A casual visitor to the Lothbury offices of Messrs Tender & Mainprice, chartered accountants, seeing Amanda Jenkinson meekly setting out agendas on the boardroom table or casting an anxious eye over the trays of sandwiches, could be forgiven for assuming that she was one of the partners' PAs, or at best some medium-grade administrative assistant.
Such is her air of well-nigh timorous reserve that more than one ill-bred finance director has made the mistake of asking her to fetch him another cup of coffee or make half-a-dozen copies of this will you, love, only to be corrected in a shocked undertone by one of his colleagues.
For Amanda – despite her relative youth (she is thought to be in her late thirties), the quietness of her voice and the modesty of her get-up – is one of the shining ornaments in Tender & Mainprice's very considerable diadem. A profile in last week's Accountancy Age needed nearly a column-and-a-half to set out the full range of her achievements: the first-class degree in business studies; the Plender prize for auditing in her final exams; the promotion to senior manager at the precocious age of 27; the partnership – this in a firm famous for its reluctance to admit women to top-level jobs – before her 30th birthday.
If there is one curious aspect to this meteoric career, it is that the Tender & Mainprice view of her divides up entirely on gender lines. The senior partner (a man) frankly adores his protegée, and is already scheming to get her on to the executive committee. But female managers flee in terror from her sarcasm, and the solitary blot on her personal file is an incident in which a pregnant secretary arrived at the human-resources department in tears, claiming that Amanda had told her she would feel less nauseous if she did some work instead of sitting around feeling sorry for herself.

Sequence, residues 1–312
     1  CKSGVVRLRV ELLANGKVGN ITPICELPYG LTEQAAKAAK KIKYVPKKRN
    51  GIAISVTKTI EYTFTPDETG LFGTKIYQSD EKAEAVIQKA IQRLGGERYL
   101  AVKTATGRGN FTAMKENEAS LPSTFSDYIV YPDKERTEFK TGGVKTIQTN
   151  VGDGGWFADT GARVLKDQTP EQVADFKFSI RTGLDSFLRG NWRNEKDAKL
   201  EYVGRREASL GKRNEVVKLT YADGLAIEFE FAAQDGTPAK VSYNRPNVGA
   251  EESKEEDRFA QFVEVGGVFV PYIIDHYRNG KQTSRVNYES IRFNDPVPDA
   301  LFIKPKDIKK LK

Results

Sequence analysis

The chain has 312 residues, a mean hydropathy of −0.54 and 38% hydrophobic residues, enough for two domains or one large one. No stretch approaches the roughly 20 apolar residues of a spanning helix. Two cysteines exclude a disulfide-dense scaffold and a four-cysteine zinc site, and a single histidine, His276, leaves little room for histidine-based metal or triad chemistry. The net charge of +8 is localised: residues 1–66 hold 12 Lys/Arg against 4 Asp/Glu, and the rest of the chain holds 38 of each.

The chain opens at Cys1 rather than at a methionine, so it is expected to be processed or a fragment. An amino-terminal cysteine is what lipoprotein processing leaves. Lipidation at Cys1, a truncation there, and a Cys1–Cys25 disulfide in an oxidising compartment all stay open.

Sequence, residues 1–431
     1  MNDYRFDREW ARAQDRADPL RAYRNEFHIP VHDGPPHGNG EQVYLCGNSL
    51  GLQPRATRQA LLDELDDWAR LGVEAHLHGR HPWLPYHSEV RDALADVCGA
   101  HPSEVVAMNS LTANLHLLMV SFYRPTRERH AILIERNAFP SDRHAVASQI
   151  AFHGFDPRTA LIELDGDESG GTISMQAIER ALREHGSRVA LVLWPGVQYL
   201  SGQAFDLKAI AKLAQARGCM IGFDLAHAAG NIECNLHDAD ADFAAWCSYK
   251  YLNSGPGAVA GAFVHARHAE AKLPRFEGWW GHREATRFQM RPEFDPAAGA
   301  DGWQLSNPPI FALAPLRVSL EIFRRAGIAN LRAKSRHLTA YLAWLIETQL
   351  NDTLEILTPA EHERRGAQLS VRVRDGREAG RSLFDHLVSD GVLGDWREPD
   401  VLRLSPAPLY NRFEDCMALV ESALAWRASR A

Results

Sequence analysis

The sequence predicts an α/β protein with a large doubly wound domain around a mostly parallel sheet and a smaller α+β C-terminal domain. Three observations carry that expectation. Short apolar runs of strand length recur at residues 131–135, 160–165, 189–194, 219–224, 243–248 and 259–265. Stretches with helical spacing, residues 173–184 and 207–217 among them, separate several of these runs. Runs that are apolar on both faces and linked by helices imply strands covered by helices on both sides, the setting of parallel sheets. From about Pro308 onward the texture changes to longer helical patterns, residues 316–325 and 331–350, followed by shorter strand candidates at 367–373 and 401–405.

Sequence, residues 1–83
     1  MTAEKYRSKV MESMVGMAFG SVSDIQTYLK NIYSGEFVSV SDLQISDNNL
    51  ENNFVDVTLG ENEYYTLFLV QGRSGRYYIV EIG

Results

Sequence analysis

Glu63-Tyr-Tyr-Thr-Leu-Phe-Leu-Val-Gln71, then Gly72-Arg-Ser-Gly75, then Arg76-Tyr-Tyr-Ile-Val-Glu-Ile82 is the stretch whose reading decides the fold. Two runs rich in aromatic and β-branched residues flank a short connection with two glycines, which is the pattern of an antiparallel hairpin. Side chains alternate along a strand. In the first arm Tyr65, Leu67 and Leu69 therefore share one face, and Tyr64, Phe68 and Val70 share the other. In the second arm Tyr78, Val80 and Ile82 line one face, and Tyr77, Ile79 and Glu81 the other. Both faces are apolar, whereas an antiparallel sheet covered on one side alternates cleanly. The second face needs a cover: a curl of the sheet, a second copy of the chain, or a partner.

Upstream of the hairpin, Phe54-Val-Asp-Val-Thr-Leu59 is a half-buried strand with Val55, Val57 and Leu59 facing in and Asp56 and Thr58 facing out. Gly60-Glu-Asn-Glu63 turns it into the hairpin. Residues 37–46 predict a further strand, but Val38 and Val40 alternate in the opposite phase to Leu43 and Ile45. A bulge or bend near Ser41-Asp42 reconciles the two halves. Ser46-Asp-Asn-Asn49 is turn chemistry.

"Don't work for Amanda," women warn each other darkly over lunch in the Tender & Mainprice canteen. "She'll make you stay late on your wedding anniversary and come in on Boxing Day."
As to the roots of this conspicuous lack of feminine solidarity, they can perhaps be found in the conditions of her own early employment. Times were tough for girls in the City when Amanda started out. For some reason it has never occurred to her that they might be any less tough now.Reuse content